We’ll soon be able to venture beyond our local park … and to help us, the Observer has launched a guide to Britain’s hidden treasures, starting with Jay Rayner’s hunt for tasty morsels in unlikely places
The Oban docks on Scotland’s west coast are a functional place. Veteran CalMac ferries to the islands heave on their moorings and, from time to time, there’s a waft of diesel in the air. It’s not the first place you might think of visiting for lunch. But there, alongside the blocky, modern ferry terminal building, is the glory that is the Oban Seafood Hut. It’s in the kind of prefabricated shed only its designer could love, and emblazoned with a garish bright green signage that can doubtless be seen from a mile off shore. But oh, the food. One afternoon, beneath gunmetal skies, I feasted on scallops the size of a baby’s fist in ponds of hot garlic butter, shiny black mussels and crab sandwiches thicker than an airport bonkbuster novel.
I cannot claim that the Oban Seafood Hut is a secret, newly whispered. I’ve written about it in my column and, in any case, part of my job reviewing restaurants in normal times involves giving exposure to the relatively obscure. I have no secrets. But it is proof, if we needed it, that a very good time out is not necessarily found in all the most obvious places; those destinations weighed down by labels like “beauty spot” and “national park” and the crowds of visitors that flock to them.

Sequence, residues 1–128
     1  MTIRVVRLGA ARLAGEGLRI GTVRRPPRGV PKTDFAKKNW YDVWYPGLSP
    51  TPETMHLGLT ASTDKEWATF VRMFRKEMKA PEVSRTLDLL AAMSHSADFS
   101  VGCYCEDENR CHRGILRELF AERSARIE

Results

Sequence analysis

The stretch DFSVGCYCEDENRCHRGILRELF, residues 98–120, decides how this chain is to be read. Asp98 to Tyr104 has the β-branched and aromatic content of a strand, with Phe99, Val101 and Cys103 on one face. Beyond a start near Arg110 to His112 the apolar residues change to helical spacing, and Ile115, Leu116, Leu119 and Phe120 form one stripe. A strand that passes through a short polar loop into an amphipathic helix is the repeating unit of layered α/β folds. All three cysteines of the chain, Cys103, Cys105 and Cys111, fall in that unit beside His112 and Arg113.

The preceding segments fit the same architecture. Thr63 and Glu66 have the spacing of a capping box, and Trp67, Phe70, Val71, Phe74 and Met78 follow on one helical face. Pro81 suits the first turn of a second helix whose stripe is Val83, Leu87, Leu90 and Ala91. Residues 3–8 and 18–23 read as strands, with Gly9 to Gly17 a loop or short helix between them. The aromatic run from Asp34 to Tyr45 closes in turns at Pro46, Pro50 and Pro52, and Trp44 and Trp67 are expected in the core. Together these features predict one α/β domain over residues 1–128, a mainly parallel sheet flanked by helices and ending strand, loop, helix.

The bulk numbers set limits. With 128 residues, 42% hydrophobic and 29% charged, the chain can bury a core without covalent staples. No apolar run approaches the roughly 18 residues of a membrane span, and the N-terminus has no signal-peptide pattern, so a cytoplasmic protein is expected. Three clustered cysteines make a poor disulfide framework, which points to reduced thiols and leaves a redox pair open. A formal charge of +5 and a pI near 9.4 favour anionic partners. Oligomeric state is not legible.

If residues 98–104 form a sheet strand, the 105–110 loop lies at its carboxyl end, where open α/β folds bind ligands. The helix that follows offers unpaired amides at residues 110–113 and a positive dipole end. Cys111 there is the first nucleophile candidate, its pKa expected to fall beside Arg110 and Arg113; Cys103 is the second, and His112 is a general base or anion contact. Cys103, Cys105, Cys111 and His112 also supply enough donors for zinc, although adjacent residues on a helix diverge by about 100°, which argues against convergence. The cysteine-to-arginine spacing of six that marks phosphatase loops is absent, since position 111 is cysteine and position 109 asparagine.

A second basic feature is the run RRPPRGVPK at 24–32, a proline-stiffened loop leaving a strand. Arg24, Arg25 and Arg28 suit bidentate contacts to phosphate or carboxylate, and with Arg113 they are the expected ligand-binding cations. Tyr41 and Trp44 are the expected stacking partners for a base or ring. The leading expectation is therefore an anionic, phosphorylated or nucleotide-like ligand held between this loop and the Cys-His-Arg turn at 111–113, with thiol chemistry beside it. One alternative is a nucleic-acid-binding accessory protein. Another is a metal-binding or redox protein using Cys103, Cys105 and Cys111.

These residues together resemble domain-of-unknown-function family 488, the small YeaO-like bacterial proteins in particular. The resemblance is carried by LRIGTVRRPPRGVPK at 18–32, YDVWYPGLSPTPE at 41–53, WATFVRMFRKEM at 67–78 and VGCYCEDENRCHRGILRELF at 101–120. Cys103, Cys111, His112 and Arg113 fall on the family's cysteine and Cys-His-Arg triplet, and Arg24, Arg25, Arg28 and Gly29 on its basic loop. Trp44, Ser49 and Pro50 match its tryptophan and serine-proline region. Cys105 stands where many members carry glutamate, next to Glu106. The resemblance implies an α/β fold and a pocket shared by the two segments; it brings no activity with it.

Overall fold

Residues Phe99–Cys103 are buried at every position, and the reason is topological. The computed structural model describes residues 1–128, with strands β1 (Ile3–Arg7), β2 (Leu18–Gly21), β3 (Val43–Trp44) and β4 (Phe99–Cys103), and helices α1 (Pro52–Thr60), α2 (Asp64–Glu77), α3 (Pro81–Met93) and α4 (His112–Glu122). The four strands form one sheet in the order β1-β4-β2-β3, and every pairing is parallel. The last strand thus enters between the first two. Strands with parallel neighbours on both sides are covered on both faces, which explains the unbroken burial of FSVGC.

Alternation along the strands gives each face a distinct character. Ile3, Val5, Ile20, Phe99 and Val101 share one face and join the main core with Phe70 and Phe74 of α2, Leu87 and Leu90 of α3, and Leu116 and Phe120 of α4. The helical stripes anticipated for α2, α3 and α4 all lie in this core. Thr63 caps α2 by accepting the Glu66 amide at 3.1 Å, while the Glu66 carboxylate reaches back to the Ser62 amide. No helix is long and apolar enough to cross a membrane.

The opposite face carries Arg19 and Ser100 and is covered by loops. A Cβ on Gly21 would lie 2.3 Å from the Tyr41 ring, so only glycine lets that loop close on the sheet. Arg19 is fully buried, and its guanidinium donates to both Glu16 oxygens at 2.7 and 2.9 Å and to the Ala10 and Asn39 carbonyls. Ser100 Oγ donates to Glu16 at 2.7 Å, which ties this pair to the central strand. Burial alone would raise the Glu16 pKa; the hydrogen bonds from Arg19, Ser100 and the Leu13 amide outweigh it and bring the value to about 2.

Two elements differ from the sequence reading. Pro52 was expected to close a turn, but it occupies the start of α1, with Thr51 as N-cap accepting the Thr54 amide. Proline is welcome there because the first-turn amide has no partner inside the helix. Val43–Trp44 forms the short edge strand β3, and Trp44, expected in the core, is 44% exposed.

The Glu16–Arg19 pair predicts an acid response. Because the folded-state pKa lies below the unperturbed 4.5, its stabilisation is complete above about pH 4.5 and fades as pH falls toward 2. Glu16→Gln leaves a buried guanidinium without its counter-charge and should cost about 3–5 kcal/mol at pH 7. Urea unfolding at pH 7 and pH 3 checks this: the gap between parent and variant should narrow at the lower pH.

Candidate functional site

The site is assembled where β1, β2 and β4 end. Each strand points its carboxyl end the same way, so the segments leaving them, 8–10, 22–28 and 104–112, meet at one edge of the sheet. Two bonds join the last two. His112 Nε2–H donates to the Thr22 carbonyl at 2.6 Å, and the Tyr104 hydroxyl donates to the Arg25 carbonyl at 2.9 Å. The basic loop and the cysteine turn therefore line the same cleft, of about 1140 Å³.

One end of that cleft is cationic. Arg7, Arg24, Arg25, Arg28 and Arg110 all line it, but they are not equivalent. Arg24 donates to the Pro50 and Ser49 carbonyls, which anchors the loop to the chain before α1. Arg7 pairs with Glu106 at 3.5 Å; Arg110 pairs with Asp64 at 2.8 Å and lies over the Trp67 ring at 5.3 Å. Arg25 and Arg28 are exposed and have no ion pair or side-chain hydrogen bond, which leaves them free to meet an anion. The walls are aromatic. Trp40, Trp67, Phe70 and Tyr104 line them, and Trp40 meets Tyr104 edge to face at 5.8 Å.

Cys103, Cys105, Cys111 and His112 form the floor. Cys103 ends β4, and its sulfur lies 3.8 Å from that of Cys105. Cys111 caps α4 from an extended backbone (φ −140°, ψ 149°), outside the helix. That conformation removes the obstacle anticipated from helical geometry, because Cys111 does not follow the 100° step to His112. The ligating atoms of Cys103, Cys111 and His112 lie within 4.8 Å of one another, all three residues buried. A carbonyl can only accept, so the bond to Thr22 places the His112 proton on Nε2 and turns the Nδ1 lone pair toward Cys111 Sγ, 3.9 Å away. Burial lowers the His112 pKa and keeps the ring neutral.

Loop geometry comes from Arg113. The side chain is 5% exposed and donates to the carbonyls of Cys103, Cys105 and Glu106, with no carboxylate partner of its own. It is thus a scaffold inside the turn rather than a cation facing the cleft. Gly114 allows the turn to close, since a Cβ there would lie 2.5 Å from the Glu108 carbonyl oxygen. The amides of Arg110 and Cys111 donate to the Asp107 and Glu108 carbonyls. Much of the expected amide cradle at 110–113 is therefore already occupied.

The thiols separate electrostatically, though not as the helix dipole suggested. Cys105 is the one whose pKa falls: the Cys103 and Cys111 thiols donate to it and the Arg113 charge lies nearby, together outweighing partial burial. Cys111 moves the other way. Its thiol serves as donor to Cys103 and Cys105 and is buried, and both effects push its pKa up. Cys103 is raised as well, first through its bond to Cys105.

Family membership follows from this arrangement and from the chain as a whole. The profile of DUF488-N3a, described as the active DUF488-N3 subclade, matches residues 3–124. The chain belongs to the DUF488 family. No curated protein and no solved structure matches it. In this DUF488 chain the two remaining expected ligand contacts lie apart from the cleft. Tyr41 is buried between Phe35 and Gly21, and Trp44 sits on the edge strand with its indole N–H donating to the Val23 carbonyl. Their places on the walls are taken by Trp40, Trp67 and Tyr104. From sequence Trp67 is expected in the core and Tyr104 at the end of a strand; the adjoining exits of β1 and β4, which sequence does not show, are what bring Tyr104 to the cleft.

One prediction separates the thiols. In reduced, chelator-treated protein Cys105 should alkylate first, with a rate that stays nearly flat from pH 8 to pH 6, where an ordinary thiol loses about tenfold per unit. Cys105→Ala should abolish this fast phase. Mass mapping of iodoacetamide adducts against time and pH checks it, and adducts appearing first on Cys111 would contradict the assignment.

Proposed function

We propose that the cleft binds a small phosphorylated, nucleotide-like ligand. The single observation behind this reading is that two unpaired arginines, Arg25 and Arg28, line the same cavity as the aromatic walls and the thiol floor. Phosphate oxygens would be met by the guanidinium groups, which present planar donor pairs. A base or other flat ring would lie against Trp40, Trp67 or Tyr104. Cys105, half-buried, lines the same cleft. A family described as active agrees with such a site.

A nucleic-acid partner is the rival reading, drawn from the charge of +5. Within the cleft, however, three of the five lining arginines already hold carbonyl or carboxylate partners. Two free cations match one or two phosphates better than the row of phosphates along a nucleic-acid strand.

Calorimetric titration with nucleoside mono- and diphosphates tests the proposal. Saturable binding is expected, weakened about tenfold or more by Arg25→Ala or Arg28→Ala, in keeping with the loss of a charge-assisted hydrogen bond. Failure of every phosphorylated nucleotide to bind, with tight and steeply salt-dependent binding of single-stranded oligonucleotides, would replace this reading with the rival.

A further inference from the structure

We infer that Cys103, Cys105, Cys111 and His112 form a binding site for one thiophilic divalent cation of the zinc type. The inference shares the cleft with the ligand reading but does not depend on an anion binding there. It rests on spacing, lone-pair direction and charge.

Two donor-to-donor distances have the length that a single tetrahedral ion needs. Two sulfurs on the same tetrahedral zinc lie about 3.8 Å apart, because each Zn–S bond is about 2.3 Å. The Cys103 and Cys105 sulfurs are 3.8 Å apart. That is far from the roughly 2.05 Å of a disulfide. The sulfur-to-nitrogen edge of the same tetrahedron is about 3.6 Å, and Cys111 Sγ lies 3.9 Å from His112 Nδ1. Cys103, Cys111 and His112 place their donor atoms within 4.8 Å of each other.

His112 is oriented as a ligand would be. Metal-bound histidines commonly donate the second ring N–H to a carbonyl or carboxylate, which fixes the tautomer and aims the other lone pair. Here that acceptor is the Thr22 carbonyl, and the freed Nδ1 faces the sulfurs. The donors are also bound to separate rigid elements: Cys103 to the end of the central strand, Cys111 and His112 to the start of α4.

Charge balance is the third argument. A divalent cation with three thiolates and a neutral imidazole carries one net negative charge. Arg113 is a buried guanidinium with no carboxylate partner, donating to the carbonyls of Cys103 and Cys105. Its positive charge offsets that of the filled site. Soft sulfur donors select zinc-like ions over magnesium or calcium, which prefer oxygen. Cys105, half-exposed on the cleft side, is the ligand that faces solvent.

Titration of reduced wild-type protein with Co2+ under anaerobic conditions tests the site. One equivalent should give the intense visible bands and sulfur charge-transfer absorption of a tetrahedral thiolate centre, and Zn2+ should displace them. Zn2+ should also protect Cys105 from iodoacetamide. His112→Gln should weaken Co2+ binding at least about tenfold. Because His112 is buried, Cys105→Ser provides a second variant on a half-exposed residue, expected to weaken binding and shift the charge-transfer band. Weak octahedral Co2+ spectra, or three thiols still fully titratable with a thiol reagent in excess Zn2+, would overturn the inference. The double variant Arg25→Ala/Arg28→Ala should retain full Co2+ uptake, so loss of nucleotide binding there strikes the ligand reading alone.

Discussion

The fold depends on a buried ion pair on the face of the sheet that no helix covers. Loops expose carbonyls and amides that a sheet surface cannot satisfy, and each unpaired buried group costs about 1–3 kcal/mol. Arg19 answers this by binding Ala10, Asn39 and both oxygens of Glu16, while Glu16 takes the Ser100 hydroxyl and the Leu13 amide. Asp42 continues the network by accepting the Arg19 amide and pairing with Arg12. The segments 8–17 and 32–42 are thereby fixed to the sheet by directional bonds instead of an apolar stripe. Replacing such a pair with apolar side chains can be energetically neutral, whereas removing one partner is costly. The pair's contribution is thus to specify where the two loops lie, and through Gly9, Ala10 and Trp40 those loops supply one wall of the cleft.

Soon, we’ll be able to go out again if only, for the most part, across the UK. Which means it’s time to get creative and to find our good times down the roads less travelled. This guide, by some of the Observer’s best writers, shines a light on a glorious selection of the less expected and less familiar destinations. There are the quiet, often hidden joys of our urban parks, and the uncrowded walks to be had along the Essex side of the Thames estuary, where England leaks away into the sea; there are canal boat trips through the Midlands and, while you’re there, things to do in Stratford-upon-Avon which have nothing to do with Shakespeare.
We celebrate fabulous Dales which deserve to be as well known as those of Yorkshire and, for those with the legs for it, a bunch of bike rides across various corners of the country. And then, of course, there are our seaside towns and beaches. We usually think of them only as places for when the sun is shining so vigorously the Mr Whippy begins to run down your hand. But there is a glowering majesty to Britain’s off-season seaside. So come with us to the less fashionable fringes of Scotland and Lincolnshire, and to other places besides. And if the sun does decide to shine on you, well, all to the good.
A few years ago, I was sent by an editor to learn about the fish-and-chip business from that year’s winner of the chip shop of the year title, 149 in Bridlington. I put on chef’s whites and a hair net and cooked portion after portion of haddock and chips. At the end of my shift I went to the front, my skin smelling of hot fat, sat on a bench and ate my own fish and chips from their paper wrapper, under clouds the colour of an old bruise. Bridlington, I noted at the time, does not have the carefully managed cute fishing village vibe of nearby Whitby or the Regency heft of Scarborough. It is very much its own place. And that was what made it the perfect spot for my fish supper. I had stumbled happily off the beaten track. This guide is designed to help you do the same.
Courtesy: The Guardian